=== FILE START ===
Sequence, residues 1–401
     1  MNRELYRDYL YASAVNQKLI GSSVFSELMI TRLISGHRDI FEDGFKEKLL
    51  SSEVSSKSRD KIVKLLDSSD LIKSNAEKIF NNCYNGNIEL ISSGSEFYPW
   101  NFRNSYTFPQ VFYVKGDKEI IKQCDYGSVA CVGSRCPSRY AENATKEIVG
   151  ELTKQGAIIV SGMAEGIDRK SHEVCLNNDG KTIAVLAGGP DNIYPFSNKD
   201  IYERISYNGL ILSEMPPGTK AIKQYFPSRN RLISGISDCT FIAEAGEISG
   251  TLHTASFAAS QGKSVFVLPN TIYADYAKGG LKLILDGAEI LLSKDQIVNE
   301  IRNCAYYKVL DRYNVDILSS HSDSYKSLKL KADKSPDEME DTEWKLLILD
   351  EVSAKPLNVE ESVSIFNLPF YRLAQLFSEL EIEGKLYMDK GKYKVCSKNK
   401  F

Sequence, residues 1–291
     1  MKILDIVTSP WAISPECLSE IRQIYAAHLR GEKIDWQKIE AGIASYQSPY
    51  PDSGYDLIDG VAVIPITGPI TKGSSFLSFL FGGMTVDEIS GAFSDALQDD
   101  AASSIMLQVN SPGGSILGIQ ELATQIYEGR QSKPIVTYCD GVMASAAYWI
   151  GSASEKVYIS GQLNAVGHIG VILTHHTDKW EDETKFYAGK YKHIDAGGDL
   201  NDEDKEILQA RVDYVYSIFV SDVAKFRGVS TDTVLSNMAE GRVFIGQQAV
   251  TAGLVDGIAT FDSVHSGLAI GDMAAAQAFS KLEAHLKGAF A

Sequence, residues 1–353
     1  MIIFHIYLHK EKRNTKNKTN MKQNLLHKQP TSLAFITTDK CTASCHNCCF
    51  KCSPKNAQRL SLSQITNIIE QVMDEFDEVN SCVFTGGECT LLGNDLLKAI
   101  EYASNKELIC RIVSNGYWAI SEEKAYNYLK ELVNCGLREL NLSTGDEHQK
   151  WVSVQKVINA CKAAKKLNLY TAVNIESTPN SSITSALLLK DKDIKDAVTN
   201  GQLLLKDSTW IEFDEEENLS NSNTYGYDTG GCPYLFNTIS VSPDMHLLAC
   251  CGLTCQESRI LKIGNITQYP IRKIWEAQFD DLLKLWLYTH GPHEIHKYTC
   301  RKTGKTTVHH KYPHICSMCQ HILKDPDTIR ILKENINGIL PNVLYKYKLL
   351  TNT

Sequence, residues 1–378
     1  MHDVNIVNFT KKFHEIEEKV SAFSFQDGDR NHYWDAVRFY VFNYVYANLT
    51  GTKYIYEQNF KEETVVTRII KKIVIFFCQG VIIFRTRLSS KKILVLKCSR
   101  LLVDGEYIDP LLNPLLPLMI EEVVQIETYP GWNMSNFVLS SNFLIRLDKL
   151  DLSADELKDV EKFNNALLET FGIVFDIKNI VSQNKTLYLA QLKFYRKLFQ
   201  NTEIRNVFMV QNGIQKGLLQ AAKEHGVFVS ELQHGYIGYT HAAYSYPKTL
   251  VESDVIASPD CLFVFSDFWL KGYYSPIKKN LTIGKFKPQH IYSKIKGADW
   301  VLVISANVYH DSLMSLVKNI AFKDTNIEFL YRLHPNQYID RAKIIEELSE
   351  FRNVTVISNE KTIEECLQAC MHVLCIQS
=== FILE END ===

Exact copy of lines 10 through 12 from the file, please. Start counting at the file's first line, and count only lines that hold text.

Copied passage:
   401  F

Sequence, residues 1–291
     1  MKILDIVTSP WAISPECLSE IRQIYAAHLR GEKIDWQKIE AGIASYQSPY